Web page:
A friend once thought she was being nice and washed and scrubbed my favorite frypan with dishsoap. Took a lot of work to get that pan seasoned well again.

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All I can say on this subject is that classic Lodge and Griswold etc cast iron pans were all machined smooth at the factory.  I am of the opinion that leaving the surface "as cast" is a cost saving measure which turns out to not have too detrimental an effect, especially when combined with their pre seasoning.  

So the downside is that sanding and smoothing removes the factory seasoning of current lodge products. 

Tom7227 likes this

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Thanks for all the replies. Since I will mainly be cooking fish in it which will kind of float in the oil may be I wouldn't have much sticking any way!  Time for some good grease build up it looks like! :)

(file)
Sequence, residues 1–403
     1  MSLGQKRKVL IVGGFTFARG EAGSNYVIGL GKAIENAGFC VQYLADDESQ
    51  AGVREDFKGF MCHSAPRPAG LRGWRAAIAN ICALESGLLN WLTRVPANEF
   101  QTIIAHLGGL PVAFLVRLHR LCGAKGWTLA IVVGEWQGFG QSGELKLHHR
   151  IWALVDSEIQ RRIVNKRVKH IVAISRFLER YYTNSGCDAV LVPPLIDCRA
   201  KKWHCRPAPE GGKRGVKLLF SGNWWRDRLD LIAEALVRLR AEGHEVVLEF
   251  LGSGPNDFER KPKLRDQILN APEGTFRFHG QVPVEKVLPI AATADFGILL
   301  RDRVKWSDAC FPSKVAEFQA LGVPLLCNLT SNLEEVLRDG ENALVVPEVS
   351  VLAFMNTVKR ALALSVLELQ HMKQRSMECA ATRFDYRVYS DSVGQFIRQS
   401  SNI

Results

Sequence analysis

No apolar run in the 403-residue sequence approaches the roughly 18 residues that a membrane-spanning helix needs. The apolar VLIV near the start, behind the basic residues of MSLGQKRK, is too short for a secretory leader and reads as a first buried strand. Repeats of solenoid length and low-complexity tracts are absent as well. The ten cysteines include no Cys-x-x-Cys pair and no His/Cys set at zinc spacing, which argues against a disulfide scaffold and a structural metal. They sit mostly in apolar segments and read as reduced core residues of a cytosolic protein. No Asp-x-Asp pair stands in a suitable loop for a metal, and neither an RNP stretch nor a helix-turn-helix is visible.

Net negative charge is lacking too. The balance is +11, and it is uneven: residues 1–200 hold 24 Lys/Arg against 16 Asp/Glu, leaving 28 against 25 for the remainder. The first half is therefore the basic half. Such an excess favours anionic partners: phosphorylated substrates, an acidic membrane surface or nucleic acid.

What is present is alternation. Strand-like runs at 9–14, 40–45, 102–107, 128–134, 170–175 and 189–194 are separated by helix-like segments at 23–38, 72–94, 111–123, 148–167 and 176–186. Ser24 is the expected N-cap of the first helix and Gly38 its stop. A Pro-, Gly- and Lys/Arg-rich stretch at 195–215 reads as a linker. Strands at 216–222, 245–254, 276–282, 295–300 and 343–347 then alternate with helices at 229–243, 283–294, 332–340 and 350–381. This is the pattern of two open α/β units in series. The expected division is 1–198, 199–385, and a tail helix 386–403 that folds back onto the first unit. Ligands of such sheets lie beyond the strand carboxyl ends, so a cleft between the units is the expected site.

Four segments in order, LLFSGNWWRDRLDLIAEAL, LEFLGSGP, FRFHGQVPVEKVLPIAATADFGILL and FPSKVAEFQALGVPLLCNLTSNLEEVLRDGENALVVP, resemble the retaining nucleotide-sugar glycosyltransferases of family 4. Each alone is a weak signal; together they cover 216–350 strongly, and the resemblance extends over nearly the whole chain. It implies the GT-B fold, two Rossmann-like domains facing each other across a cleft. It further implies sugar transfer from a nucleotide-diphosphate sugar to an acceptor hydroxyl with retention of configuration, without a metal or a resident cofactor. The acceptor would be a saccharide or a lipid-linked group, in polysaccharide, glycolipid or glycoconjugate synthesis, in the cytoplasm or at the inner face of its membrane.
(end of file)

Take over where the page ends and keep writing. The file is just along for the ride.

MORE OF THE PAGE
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Throw a big ol' chunk of bear fat and about 3 lbs of bacon in there...THAT'LL get 'er seasoned up right!

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1 hour ago, RebelSS said:

Throw a big ol' chunk of bear fat and about 3 lbs of bacon in there...THAT'LL get 'er seasoned up right!

Either that or I bring it in and get it Teflon-coated!  :D

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20 hours ago, delcecchi said:

All I can say on this subject is that classic Lodge and Griswold etc cast iron pans were all machined smooth at the factory.  I am of the opinion that leaving the surface "as cast" is a cost saving measure which turns out to not have too detrimental an effect, especially when combined with their pre seasoning.  

So the downside is that sanding and smoothing removes the factory seasoning of current lodge products.